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Author: Dr Dominic Tabor, Dermatology Registrar, Royal Infirmary of Edinburgh, Scotland. Chief Editor: Dr Amanda Oakley, Dermatologist, Hamilton, New Zealand, October 2015. DermNet NZ Revision August 2021
Waardenburg syndrome is a rare genetic disorder characterised by sensorineural hearing loss and pigmentary abnormalities of the hair, skin, and eyes.
Waardenburg syndrome is named after Petrus Johannes Waardenburg, a Dutch ophthalmologist, who noticed that heterochromia iridis often accompanied deafness.
Waardenburg syndrome may be inherited or new mutations can arise spontaneously. It affects males and females equally, and can affect all races.
It has a population frequency of 1 in 40,000, and is responsible for 2–5% of all cases of congenital deafness.
Waardenburg syndrome is a neurocristopathy due to gene mutations which result in abnormal neural crest differentiation during embryonic development.
Mutations in a number of different genes can cause Waardenburg syndrome, with some differences in symptoms and signs. Expression and penetrance are also variable.
The mutations that cause Waardenburg syndrome include insertions, deletions, frameshifts, splice alterations, missense, or nonsense mutations.
Most types of Waardenburg syndrome are autosomal dominant, meaning that only one affected gene needs to be passed on to a child for them to have the syndrome. Transmission of defects in EDN3 or EDNRB is more complex; they are usually autosomal recessive, although cases of autosomal dominant transmission with incomplete penetrance have been described.
Other mutations in some of the above genes can cause related clinical syndromes, such as Tietz syndrome (MITF gene), piebaldism (SNAI2 gene), PCWH (SOX10 gene), or ABCD syndrome (EDNRB gene).
Features are present from birth. As it is a rare condition and clinical signs can be subtle, diagnosis may not be made until later in life. In addition to the characteristic pigment changes and deafness, Waardenburg syndrome can be associated with musculoskeletal defects and Hirschsprung syndrome.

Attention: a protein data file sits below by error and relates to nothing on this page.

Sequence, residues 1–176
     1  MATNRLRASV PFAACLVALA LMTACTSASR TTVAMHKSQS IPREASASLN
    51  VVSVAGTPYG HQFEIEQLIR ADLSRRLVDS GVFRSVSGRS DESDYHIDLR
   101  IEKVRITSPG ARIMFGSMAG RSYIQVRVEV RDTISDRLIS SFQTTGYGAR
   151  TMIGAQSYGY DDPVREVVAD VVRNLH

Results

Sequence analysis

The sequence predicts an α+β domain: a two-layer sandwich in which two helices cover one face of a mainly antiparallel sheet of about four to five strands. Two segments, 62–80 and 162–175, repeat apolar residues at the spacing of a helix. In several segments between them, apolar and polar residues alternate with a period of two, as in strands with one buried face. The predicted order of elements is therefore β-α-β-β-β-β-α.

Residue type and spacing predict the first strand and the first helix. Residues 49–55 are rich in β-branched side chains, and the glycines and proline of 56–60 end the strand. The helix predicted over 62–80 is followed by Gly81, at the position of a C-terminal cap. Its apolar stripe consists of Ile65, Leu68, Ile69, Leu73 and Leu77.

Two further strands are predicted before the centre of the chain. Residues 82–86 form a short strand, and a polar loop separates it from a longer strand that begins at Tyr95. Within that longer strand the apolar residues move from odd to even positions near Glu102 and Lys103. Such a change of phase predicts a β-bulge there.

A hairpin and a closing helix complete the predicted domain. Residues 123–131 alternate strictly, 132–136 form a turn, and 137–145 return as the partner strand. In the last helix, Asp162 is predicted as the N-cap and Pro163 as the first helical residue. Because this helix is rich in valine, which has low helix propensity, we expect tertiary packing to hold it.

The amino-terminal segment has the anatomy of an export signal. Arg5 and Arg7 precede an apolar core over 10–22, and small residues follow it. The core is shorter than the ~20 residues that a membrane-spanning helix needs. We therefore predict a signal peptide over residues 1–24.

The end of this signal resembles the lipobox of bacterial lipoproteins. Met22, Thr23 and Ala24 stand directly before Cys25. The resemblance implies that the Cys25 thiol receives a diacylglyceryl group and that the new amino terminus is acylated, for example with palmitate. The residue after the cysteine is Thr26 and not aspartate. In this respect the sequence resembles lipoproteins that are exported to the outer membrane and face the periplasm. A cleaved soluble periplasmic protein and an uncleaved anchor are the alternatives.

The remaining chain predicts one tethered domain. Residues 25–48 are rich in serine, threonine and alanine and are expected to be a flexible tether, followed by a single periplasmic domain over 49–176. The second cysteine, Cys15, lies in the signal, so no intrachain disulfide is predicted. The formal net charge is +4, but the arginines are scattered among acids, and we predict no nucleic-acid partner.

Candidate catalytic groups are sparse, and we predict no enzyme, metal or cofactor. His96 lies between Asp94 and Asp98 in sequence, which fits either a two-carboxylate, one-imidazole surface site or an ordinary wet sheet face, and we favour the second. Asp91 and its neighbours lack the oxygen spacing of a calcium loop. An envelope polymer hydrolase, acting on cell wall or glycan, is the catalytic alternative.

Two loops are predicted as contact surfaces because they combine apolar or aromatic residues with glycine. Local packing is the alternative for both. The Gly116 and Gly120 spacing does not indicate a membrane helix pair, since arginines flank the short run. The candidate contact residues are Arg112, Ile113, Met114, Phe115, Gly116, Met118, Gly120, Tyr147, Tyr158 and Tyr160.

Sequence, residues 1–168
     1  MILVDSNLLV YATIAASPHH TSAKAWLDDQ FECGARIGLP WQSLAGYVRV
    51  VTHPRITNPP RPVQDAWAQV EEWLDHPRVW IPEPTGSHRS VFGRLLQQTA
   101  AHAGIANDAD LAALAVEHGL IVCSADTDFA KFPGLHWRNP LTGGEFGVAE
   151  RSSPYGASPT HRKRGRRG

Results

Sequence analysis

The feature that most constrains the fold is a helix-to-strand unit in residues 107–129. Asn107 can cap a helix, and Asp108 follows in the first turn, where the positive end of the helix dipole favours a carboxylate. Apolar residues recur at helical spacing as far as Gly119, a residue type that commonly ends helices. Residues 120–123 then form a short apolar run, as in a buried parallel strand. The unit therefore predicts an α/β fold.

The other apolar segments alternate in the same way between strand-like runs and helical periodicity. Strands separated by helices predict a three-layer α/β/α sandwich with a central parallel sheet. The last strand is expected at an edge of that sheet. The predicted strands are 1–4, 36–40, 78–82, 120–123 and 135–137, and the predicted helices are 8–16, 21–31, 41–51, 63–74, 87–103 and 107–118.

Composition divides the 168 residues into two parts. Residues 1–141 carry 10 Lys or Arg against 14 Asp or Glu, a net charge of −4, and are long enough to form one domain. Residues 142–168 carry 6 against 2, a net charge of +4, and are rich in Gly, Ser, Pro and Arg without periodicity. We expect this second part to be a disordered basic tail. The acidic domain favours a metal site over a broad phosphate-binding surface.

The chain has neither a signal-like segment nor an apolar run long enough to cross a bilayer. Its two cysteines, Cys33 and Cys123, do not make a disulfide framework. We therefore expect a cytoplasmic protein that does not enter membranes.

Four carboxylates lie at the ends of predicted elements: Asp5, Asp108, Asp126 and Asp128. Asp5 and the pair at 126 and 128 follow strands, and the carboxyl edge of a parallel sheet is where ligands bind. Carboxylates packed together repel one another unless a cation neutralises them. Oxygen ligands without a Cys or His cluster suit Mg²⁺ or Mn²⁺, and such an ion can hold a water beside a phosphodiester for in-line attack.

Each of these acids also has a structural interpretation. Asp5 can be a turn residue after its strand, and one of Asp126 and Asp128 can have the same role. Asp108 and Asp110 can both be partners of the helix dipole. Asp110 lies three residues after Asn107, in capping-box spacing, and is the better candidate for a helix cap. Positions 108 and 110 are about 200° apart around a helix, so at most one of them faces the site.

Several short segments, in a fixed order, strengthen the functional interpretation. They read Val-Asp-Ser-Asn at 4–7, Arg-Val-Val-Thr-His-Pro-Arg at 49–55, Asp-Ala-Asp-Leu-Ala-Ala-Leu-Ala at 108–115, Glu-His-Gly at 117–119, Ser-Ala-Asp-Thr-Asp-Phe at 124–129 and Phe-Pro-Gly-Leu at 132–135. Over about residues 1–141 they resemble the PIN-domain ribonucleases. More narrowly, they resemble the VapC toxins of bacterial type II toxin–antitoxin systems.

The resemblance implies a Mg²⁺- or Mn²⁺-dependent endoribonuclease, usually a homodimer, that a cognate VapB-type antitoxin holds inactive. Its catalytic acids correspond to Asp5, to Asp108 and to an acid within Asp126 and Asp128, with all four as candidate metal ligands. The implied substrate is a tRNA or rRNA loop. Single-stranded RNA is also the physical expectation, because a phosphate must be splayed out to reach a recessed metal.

Four major clinical types of Waardenburg syndrome have been identified.
Type 1 is the most common subtype of Waardenburg syndrome. Features include:
Type 2 has similar clinical features to type 1 Waardenburg syndrome, but the inner canthi are normal.
Type 3 (Klein-Waardenburg syndrome) also has similar features to type 1 Waardenburg syndrome, but with musculoskeletal abnormalities, such as muscle hypoplasia, flexion contractures, or syndactyly (fused digits).
Type 4 (Shah-Waardenburg syndrome) has similar features to type 2 Waardenburg syndrome but with Hirschsprung syndrome (a condition resulting from missing nerve cells in the muscles of part or all of the large intestine).
Waardenburg syndrome is diagnosed on clinical features. In 1992 the Waardenburg Consortium developed major and minor criteria for diagnosis.
A clinical diagnosis of type 1 Waardenburg syndrome needs 2 major, or 1 major and 2 minor criteria.
The W index can be calculated to determine whether dystopia canthorum is present.
Genetic sequencing of the PAX3 gene for mutations causing Waardenburg syndrome may be performed as part of genetic counselling of family members. Prenatal testing for PAX3 mutations is possible by chorionic villus sampling or amniocentesis, but is rarely done due to the clinical variation found within Waardenburg syndrome and the mutation will not indicate which clinical features will be present or their severity.
As Waardenburg syndrome is a genetic disease there is no curative treatment. Genetic counselling may be helpful for affected patients who want to start a family.
The clinical features of Waardenburg syndrome are stable and the features will remain throughout life. Life expectancy is normal.
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